Is Phobos a paying market?

Yes. We pay five cents per word for fiction, which tragically qualifies as a pro rate, and either five cents per word or a flat twenty bucks for poems, whichever is greater.

We will also pay for thematically appropriate cover art and interior illustrations. If you have an idea that both suits the theme of the upcoming issue and has a local connection, please send us a summary and we'll discuss rates. Please bear in mind that we not only want the image, we want the original work sent to us for keeps, so that we may frame it and hang it on the endlessly shifting walls of Tower Phobos, so please factor this into your rate. 

Will I still own my work?

Yes. We get first printing rights, but you can submit your work elsewhere, provided you inform the next publisher that your work is a reprint.

We are paying for First World Anthology rights (first printing), possible inclusion in a future "best of" collection, and non-exclusive archive rights (so we can print excerpts, in part or whole, on our site).  You retain all other rights and can reprint your story elsewhere (120 days after first publication with us).

What kind of submissions do you want? 

Short Pulp Fiction, work that could've fit between Robert E. Howard and H.P. Lovecraft in an issue of Weird Tales back in 1927. We plan on running a few short stories - up to 2,500 words - and a few poems per issue, but flash stories under 1,000 words have a much greater chance of being accepted.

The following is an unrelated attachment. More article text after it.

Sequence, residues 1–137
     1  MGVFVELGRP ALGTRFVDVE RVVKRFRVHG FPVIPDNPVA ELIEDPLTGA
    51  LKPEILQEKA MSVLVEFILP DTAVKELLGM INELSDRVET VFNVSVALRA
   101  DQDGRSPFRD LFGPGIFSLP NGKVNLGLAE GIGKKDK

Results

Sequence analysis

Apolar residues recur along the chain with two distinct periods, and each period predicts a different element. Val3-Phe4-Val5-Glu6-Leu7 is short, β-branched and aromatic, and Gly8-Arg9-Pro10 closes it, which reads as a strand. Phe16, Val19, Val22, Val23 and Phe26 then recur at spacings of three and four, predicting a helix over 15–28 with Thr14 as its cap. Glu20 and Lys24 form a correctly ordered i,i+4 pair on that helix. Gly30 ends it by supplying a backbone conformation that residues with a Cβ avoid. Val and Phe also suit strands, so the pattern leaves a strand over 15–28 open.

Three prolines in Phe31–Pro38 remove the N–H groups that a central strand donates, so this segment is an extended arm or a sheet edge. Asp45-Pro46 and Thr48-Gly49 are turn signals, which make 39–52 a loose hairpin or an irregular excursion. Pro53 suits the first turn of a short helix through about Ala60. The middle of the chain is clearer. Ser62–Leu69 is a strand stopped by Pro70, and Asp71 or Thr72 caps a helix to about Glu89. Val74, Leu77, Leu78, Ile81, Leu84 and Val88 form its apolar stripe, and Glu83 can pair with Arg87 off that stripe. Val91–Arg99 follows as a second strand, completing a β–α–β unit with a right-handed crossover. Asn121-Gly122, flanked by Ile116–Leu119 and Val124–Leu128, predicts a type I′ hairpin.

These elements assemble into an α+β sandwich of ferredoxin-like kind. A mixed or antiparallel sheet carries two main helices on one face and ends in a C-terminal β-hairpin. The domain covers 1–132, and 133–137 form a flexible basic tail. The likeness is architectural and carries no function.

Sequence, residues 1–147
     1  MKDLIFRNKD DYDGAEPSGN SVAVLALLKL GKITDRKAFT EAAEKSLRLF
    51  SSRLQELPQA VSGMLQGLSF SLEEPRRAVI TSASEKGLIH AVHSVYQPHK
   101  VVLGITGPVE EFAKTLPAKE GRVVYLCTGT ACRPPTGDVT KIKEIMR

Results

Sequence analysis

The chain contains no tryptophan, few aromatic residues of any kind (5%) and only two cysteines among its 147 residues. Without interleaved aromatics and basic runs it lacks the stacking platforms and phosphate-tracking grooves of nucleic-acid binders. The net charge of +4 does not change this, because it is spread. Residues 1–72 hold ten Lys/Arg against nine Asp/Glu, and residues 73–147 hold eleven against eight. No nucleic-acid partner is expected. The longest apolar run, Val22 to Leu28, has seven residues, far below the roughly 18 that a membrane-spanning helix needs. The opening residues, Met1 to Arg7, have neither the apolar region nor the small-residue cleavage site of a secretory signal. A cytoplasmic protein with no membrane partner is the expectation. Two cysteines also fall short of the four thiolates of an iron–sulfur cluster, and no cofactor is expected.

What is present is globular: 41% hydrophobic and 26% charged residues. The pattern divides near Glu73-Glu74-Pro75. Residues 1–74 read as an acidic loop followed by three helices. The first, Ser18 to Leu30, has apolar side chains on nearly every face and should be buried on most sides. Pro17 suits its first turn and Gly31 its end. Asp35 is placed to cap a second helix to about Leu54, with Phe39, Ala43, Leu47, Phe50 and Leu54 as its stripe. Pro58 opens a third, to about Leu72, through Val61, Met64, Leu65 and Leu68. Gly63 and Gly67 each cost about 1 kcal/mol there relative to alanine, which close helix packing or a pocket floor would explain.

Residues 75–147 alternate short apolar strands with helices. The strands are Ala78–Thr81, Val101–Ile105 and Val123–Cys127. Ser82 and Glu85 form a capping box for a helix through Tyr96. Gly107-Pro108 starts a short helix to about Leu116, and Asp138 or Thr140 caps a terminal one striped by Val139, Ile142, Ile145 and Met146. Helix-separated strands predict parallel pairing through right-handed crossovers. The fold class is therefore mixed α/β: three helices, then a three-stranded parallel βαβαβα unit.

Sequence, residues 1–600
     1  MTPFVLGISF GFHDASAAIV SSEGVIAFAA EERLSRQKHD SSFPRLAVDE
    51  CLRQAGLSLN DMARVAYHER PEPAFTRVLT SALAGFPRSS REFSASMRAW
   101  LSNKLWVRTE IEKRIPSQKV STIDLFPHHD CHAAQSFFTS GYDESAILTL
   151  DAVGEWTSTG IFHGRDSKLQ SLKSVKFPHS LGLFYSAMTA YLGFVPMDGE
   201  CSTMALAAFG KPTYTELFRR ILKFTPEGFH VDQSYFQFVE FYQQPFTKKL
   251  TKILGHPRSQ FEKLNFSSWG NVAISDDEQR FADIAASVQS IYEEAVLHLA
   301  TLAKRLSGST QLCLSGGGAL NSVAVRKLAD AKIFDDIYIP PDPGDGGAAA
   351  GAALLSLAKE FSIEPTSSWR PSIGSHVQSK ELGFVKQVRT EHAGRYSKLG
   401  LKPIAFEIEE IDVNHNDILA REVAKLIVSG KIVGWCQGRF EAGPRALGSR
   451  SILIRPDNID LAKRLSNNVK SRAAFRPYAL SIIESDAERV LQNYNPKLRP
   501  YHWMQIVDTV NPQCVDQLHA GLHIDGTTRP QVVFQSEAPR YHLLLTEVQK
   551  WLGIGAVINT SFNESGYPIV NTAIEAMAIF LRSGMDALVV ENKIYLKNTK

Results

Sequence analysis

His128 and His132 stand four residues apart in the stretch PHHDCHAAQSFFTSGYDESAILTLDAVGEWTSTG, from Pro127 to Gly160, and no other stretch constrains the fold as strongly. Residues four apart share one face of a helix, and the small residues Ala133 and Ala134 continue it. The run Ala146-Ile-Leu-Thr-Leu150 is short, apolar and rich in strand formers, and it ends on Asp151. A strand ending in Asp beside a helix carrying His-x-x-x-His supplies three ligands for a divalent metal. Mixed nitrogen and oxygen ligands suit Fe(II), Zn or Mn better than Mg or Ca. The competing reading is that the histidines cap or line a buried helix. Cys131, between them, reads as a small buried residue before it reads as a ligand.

The short answer, though, is we simply want great stories.  

Do you accept submissions from anyone?

Yes. We will accept excellent fiction from anyone, anywhere. 

However, because we want to stage a number of promotional events, and because writing is a strange and solitary business and we want to put faces to bylines and potentially have fancy dinner parties, or at least shared beer specials during happy hour at a dive bar, submissions from writers who live in or near Philadelphia will be given first consideration.

What's a Phobos?

It's a moon of Mars. And the name of the Greek god of Fear & Terror, child of Aphrodite & Ares, also known as Venus & Mars. And, of course, a semiannual print and electronic weird fiction magazine published in Philadelphia.  

More questions? Reach us here.